“What is behind the decline of the community bank? Technology is obviously a factor. It may drive consolidation but ensure that some traditional banking services will be available if community banks’ role in the banking sector naturally diminishes. Yet many commentators, community bankers, and regulators have also expressed fear or produced research showing that Dodd-Frank has exacerbated the preexisting trend of banking consolidation by piling up regulatory costs on institutions that neither pose systemic risks nor have the diversified businesses to support such costs. As a small North Carolina lender told the Wall Street Journal, ‘When they created “too big to fail,” they also created “too small to succeed.”’ Our findings appear to validate concerns that an increasingly complex and uncoordinated regulatory system has created an uneven regulatory playing field that is accelerating consolidation for the wrong reasons.”

Community Bank Consolidations Double.

… [C]ommunity bank consolidation trends have almost doubled since the passage of Dodd-Frank, relative to the Q2 2006 and Q2 2010 time frame, which includes the crisis period.”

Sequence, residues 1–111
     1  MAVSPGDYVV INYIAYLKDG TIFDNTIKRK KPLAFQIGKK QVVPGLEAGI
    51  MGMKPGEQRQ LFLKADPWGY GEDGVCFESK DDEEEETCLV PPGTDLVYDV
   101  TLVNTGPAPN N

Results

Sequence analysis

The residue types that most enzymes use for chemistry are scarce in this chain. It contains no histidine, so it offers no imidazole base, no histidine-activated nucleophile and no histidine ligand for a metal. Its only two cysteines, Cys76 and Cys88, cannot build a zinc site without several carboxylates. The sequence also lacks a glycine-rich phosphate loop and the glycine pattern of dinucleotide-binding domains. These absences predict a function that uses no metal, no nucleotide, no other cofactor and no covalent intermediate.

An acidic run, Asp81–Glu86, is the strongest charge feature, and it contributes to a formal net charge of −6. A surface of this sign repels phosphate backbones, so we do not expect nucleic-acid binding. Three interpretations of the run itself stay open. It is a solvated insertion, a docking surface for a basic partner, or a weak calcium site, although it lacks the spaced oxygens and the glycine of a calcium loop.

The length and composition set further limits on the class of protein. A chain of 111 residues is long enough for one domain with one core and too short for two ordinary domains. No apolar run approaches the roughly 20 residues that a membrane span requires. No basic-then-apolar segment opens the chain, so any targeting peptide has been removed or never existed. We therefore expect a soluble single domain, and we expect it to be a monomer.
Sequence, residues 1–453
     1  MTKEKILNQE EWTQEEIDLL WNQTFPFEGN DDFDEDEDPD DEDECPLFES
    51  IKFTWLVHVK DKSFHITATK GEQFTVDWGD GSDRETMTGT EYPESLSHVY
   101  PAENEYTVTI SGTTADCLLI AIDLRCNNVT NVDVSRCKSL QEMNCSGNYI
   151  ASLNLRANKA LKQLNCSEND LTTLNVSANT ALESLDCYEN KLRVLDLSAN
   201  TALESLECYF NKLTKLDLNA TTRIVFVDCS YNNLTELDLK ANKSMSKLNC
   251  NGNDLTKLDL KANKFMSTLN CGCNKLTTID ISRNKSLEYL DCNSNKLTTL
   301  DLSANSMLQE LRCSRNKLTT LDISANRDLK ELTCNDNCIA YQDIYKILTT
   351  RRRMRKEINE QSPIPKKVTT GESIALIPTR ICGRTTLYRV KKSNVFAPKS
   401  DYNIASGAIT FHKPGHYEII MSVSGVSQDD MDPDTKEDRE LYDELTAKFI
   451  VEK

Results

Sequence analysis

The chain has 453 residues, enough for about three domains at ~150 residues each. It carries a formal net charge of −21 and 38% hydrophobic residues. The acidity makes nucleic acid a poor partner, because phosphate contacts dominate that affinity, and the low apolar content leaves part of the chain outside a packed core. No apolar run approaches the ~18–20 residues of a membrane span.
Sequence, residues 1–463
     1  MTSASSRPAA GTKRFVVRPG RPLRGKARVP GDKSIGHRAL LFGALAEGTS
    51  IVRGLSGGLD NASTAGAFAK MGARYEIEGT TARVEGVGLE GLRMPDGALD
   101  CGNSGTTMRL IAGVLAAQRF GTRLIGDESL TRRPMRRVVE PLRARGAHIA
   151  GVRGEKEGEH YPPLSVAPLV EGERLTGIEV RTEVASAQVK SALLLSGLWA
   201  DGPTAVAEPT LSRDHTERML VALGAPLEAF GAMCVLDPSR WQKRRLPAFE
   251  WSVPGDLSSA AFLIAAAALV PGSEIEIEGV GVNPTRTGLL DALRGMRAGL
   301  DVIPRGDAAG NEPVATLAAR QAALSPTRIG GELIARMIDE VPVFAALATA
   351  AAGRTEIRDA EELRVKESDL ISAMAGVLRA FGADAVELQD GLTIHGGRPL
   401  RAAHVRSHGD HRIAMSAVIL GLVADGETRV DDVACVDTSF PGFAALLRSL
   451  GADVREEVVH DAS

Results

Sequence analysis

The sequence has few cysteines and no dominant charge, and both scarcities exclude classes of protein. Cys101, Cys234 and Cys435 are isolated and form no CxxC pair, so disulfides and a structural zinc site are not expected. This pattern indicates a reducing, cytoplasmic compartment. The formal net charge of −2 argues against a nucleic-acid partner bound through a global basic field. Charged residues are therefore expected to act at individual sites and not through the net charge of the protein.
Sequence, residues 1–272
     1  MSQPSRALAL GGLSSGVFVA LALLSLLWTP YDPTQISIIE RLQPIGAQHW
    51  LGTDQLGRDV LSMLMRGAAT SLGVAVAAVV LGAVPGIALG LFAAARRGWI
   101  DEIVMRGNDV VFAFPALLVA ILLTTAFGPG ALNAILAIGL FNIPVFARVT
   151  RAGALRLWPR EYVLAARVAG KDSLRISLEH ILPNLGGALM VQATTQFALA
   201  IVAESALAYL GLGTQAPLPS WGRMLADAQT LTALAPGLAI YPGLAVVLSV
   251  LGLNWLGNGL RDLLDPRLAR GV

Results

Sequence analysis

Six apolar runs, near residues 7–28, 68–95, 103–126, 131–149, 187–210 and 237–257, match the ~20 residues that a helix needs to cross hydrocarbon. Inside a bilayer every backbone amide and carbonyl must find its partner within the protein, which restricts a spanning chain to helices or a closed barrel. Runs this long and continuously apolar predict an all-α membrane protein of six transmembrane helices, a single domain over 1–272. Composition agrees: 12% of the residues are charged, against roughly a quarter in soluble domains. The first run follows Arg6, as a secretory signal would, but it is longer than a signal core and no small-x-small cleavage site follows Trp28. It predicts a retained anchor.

Too Big To Fail? Not So Much.

“Interestingly, community banks’ vitality has been challenged more in the years after Dodd-Frank than in the years during the crisis. Clearly … Dodd-Frank did not mitigate concerns over banking sector concentration: The top five bank-holding companies control nearly the same share of U.S. banking assets as they did in the fiscal quarter before Dodd-Frank’s passage. Meanwhile, community banks with $1 billion or less in assets have seen a significant decline, while large community banks have also suffered losses, albeit at a less drastic pace. The rapid rate of consolidation away from community banks that has occurred since Dodd-Frank’s passage is striking given that this regulatory overhaul was billed as an effort to end ‘too-big-to-fail.’”

Regulation Forces Consolidation.